THE ITALIANS ARRIVED IN THE ORKNEY ISLANDS, off the northernmost tip of Scotland, in January 1942. They had been sent to such a faraway location because the Royal Navy’s northern base was at Scapa Flow. Its defenses were found wanting in the opening months of World War II when the German submarine U-47 penetrated the harbor and sank the old battleship HMS Royal Oak, killing 834 sailors (the youngest just 14 years old). Winston Churchill, who was then First Lord of the Admiralty, immediately ordered the building of permanent barriers to close the four channels that lead into Scapa Flow from the east. (For that reason they soon would become known as the Churchill Barriers.)
With able-bodied men in short supply during the war, the British government decided to bring in POWs to build the barriers that would close the channels. Some 1,000 Italians captured in North Africa were taken from Egypt via the Suez Canal, around Africa, and deposited in Liverpool, England. From there they traveled by train to Edinburgh, Scotland, and on to Aberdeen, where a requisitioned steamer, escorted by a destroyer, carried the prisoners to their final destination: the cold and windswept islands of Orkney. Locals remembered the captured soldiers, unaccustomed to such bitter cold, shivering as they marched to their camp. Some were heard to shout “Viva il Duce!”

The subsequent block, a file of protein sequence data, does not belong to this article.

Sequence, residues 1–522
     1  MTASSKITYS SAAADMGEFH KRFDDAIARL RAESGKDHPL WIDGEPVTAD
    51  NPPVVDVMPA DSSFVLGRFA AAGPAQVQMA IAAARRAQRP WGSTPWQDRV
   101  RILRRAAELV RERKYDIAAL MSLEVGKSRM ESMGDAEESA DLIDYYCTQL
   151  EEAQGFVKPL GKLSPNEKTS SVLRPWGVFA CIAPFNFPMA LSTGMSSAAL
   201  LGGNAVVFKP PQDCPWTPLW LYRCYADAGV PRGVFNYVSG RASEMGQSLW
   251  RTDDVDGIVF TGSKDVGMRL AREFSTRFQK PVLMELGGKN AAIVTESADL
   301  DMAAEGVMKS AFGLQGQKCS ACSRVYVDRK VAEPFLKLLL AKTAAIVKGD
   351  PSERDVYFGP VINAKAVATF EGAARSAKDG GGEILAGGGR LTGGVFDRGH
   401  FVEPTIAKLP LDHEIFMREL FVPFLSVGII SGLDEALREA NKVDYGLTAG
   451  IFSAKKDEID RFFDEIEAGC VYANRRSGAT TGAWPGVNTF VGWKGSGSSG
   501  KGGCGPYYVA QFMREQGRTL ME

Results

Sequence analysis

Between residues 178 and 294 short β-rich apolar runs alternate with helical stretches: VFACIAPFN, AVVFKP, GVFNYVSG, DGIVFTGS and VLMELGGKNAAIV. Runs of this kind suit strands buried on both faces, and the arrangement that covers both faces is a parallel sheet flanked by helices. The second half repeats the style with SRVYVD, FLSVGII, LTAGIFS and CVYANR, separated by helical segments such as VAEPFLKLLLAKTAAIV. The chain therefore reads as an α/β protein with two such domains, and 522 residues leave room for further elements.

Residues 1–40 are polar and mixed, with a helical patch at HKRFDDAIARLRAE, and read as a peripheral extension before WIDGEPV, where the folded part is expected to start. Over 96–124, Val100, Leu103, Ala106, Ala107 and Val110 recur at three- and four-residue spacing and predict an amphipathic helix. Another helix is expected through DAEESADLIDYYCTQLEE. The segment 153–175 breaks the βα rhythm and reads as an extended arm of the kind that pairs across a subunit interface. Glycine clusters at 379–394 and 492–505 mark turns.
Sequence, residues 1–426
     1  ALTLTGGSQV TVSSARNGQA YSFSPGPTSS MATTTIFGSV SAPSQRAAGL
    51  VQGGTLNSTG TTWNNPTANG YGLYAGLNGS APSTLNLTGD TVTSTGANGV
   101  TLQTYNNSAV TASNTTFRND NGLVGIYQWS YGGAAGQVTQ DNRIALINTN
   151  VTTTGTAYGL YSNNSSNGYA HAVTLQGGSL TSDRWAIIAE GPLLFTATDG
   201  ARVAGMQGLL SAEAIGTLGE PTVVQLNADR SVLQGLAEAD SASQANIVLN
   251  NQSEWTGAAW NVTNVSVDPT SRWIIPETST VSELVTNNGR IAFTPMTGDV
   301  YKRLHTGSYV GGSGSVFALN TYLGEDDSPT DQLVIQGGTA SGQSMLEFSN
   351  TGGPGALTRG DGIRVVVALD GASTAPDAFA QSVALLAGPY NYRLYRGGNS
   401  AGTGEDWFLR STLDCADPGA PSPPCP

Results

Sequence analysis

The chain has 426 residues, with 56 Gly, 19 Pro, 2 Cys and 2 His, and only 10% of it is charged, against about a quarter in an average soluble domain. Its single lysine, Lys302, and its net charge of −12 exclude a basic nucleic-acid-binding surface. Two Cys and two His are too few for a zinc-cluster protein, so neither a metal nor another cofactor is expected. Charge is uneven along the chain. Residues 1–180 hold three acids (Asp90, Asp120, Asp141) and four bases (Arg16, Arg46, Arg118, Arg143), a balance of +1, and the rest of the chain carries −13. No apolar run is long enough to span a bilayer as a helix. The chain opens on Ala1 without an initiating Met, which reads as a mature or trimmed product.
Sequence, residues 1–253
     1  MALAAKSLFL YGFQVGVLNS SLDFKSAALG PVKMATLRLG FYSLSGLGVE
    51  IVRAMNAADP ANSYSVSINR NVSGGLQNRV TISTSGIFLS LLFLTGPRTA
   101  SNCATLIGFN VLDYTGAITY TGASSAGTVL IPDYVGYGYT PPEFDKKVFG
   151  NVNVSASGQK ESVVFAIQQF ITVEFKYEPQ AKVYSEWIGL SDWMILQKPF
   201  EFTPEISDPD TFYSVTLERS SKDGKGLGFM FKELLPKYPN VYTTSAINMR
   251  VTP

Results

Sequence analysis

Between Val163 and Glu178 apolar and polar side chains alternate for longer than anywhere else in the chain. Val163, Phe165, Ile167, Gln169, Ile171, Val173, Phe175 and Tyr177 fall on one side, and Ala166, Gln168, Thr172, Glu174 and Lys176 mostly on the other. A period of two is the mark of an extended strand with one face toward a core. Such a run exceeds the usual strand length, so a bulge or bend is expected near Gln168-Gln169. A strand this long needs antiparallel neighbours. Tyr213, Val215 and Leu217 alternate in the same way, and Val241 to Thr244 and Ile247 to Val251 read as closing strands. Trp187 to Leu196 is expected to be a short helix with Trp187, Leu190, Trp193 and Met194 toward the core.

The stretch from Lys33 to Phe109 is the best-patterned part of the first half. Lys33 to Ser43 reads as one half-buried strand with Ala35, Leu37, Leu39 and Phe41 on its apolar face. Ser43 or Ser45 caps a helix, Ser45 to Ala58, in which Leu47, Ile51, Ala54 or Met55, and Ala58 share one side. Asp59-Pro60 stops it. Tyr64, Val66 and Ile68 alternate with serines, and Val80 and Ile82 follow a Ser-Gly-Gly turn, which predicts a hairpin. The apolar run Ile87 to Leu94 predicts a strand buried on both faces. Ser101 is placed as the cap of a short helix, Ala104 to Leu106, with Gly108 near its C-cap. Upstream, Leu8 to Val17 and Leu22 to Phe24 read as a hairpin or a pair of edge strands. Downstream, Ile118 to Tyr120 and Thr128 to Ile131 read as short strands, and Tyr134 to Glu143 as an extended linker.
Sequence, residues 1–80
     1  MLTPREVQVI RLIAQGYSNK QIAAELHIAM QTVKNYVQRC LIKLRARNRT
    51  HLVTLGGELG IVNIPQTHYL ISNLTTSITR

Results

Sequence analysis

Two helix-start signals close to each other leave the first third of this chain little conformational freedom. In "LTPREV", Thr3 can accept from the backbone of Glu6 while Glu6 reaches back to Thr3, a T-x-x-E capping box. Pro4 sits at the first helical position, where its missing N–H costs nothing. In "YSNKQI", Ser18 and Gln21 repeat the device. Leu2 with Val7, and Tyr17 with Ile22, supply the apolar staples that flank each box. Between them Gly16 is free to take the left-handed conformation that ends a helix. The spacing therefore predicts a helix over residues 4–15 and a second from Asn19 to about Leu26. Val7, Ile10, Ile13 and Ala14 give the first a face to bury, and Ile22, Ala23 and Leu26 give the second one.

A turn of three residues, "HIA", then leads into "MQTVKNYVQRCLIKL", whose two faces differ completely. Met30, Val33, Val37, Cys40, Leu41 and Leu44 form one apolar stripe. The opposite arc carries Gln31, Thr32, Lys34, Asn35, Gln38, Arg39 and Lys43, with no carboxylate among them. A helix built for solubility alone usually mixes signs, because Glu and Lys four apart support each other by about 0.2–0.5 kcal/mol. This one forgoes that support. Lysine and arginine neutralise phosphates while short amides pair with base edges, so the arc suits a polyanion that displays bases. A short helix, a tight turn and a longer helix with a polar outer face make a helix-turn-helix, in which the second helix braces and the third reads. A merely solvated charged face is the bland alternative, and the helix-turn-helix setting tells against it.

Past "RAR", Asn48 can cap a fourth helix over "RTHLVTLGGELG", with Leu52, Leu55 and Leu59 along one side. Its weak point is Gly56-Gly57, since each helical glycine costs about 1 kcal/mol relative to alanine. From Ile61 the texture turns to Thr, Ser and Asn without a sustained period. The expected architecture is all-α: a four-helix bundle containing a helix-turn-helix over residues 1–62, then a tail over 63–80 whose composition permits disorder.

One group of POWs was sent to Camp 34 on the island of Burray; the other went to Camp 60 on the island of Lamb Holm. “The little island could hardly have appeared more desolate: bare, foggy, exposed to the wind and heavy rain,” Chiocchetti would later write of Lamb Holm. “The camp consisted of thirteen dark, empty huts, and mud. In a very short time the prisoners had transformed Camp No. 60 into a garden with flower beds and cement paths.”